One of the most reliable metrics for cognitive efficiency is the speed with which information is processed. This is most commonly evaluated via an assessment of reaction times. Reaction times are affected by aging, fatigue, and a variety of neurological disorders such as traumatic brain injury, dementia, and stroke. Current computerized batteries within clinical practice either require licenses, specific hardware, are outdated, have limited operating system compatibility, or are limited in terms of control data. To address these limitations, Mattia Rigoli and colleagues have created the open-source open-access reaction time test (OORTT).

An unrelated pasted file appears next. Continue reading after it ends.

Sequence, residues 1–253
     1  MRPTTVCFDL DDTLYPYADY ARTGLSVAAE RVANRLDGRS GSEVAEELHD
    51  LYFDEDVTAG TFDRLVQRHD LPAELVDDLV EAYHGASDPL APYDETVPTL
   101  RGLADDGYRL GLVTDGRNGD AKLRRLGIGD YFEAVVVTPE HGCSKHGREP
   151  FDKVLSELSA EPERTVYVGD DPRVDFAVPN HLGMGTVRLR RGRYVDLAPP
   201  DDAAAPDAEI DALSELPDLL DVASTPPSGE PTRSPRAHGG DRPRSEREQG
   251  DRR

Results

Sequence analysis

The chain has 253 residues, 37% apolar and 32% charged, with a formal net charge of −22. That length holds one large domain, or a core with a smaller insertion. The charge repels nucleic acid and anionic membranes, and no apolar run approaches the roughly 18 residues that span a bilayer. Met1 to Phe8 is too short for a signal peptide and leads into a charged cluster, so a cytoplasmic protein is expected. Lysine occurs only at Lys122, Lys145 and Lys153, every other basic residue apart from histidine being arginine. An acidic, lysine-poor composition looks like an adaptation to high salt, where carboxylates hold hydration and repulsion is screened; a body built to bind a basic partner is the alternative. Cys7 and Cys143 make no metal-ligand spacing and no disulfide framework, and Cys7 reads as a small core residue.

OORTT is a computerized reaction time test battery implemented in Python using OpenSesame 3.1.9. It consists of three tests: A simple reaction times task in which participants press a space bar as quickly as possible in response to a green circle appearing in the center of the screen, a Go/No-Go task in which participants press the space bar as quickly as possible when a green circle appears but refrain from pressing when a red circle appears, and a four-position reaction times task where participants press the space bar as quickly as possible when a green circle appears in one of four quadrants of the screen.
OORTT has been validated using 300 healthy controls and 64 neurological patients. OORTT was able to successfully discriminate between patients with abnormal reaction times and healthy controls with those living with degenerative cognitive impairment showing the longest reaction times. Therefore, OORTT is an accurate battery for the measurement of reaction time in clinical settings that provides robust normative data, is multi-platform, and license free.